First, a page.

It's His Party
Barack Obama might be running on a post-partisan platform, but he is more focused on building the Democratic Party than any other candidate in recent history.
Dana Goldstein and Ezra Klein August 18, 2008
An unassuming building at 430 South Capitol Street, in a forlorn corner between the Capitol and a highway overpass, is the home address of the Democratic Party. But though mail still gets delivered to the Washington, D.C., address, many of the Democratic National Committee's employees--the men and women who make up the party's central infrastructure--are no longer around to receive it. They are in Chicago, where Barack Obama moved them after he captured the Democratic Party's nomination.
It was a peculiar decision for Obama, who had built his campaign, and even his political identity, around an eloquently stated, post-partisan revulsion with the divisiveness of modern party politics. Following the strategy of "outsider" candidates before him, Obama set his headquarters outside the District in order to create distance, both physical and perceptual, between himself and the consultants, interest groups, party hacks, and congressional busybodies who populate the nation's capital.
The effort was so successful that some feared the Obama phenomenon--the millions of young people passionate about his campaign, the thousands who have lined roadsides just to wave at the Illinois senator's motorcade--had become a force unto itself, indifferent to the fortunes of the traditional Democratic Party, unbound by a commitment to progressive ideology, and wholly dependent on the character of Barack Obama. As blogger Matt Stoller writes on OpenLeft.com, "Power and money in the Democratic Party is being centralized around a key iconic figure. [Obama] is consolidating power within the party."
This was a new critique of Obama: not that he was beyond parties but that he had personalized them. That rather than building the Democratic Party, he was building an Obama Party, with all the good and bad that that centralization entailed. Though some were nervous when Obama sent the moving trucks to South Capitol Street, further tightening his hold over the party apparatus, the relocation neatly fit the broader, and rather unexpected, reality of this campaign: For all the talk of post-partisan "unity," Barack Obama has been proving himself the most party-focused presidential candidate in recent history--possibly ever. Paradoxically, although Obama's success has been more dependent on personal charisma than any recent nominee's has, he's been leveraging that charisma to build a broader Democratic infrastructure less dependent on the presidential nominee.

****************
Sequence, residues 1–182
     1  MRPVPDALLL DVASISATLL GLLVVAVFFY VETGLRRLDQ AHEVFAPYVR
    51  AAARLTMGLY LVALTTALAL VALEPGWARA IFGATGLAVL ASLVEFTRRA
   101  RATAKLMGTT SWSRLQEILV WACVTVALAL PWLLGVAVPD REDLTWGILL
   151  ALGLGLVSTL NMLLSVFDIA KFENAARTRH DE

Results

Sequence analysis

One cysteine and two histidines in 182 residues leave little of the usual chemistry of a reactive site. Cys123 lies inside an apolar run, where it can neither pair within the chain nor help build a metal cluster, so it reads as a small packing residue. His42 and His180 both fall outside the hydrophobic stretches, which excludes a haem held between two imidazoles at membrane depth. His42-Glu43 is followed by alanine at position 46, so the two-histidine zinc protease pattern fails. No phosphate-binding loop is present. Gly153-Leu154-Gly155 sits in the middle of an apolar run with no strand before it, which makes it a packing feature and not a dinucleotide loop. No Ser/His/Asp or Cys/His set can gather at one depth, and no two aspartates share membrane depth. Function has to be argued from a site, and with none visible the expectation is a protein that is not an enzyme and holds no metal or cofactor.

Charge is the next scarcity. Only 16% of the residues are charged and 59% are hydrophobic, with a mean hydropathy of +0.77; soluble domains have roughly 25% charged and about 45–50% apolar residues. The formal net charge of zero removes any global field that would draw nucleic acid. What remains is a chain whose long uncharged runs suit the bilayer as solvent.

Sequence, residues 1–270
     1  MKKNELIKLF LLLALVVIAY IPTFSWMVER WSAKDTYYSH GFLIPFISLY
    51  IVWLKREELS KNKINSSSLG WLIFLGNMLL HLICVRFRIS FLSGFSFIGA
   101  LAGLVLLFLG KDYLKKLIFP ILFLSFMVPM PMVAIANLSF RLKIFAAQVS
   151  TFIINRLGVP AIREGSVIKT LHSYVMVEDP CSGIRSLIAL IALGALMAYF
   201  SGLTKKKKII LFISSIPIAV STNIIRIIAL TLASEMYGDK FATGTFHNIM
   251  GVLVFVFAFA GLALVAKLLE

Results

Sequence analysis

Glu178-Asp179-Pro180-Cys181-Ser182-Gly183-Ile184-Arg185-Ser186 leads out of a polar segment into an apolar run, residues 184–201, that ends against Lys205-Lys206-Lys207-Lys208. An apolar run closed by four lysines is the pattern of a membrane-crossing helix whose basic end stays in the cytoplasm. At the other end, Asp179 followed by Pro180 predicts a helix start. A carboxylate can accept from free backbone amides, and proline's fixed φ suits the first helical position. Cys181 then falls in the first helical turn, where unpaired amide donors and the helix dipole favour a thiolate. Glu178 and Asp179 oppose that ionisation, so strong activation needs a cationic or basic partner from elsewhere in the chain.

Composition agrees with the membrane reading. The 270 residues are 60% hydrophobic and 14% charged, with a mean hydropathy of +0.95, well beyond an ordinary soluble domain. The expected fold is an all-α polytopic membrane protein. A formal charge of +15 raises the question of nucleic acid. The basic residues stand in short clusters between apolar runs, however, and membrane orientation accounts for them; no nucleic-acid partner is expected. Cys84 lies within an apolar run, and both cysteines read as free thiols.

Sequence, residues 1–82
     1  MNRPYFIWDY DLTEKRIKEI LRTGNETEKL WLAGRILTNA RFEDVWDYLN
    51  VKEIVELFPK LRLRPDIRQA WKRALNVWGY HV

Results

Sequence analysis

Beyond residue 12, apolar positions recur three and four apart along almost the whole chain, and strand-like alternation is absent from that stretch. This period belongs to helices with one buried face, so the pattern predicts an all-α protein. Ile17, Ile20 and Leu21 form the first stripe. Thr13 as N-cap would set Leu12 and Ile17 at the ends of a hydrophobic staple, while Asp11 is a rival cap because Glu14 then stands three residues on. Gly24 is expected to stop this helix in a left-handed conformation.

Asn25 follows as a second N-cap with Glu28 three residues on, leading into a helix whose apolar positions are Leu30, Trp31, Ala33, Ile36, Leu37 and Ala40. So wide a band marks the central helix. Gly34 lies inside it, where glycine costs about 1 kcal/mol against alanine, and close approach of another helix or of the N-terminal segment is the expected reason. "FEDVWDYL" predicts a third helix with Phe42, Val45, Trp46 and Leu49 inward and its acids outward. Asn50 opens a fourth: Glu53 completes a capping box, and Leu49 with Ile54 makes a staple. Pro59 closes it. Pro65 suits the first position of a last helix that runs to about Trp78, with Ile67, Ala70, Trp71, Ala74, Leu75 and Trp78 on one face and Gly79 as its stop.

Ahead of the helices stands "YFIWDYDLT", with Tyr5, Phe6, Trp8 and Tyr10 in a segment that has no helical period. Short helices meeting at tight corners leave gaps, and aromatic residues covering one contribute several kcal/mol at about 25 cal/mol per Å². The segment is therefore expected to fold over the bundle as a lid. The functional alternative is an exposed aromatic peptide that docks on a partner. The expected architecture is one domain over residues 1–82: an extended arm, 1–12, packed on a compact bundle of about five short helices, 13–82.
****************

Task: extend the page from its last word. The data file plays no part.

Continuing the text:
This should be no surprise. Though Obama himself is a newcomer to Washington, the upper echelons of his Senate and campaign staff are populated almost exclusively by experienced Democratic Party operatives. Continuity with the established party infrastructure is a defining characteristic of the Obama campaign. When Hillary Clinton conceded the nomination, Obama's first major staff change was not the incorporation of a former Clinton operative meant to heal the divisions of the primary, nor the elevation of a national-security graybeard meant to reassure general-election voters of Obama's commander-in-chief credentials. Rather, it was to install Paul Tewes, the skilled organizer who served as the architect of Obama's crucial victory in Iowa, at the DNC to head up the committee's election-year efforts. A few weeks later, it was announced that the DNC would cease accepting contributions from lobbyists or political action committees.
Then it came out that much of the DNC was moving to Chicago. In the months that have followed, the Obama campaign has announced plans for training camps that will turn out thousands of new organizers dedicated to electing Democrats, and has signaled that it will spend millions in blood-red states where Democrats haven't seriously invested in building party infrastructure for decades. The campaign has constructed a fundraising machine based around small-donors that promises to end the age-old competition for dollars between different wings of the Democratic establishment, enabling the creation of a unified electoral strategy. It has argued that "real change" requires the sort of legislative successes that only a strong congressional party can produce. In short, the candidate running on his exhaustion with traditional party politics has directed his campaign to build a new kind of Democratic Party--one that may put to shame anything that came before it.
The aftermath of the 2002 elections was a low point for the Democratic Party. Much of the blame fell on the shoulders of Tom Daschle and Dick Gephardt, the Senate and House party leaders judged responsible not just for the political failure of losing seats in the midterm election but for graver substantive deficiencies: Gephardt was complicit, some would say crucial, in George W. Bush's disastrous invasion of Iraq. Daschle was, at best, ineffectual against it. Both paid for those failings. In 2004, distracted by events in Washington, Daschle lost to Republican John Thune, and Gephardt retired after losing the Democratic presidential primary to John Kerry. Their staffs paid, too; come January of 2005, the experienced legislative tacticians and political operatives who had served the party's congressional leadership found themselves abruptly unemployed.
The bright spot of the 2004 election was the emergence of a brilliant, charismatic, young African American politician named Barack Obama. Obama burst onto the scene with a keynote speech at the Democratic Convention that would probably be remembered as little more than a neat piece of oratory if Kerry hadn't lost and congressional Democrats hadn't been wiped out. But, in a dark moment for Democrats, Obama was one of the very few points of light. Which is probably how he got a meeting with Pete Rouse in the first place.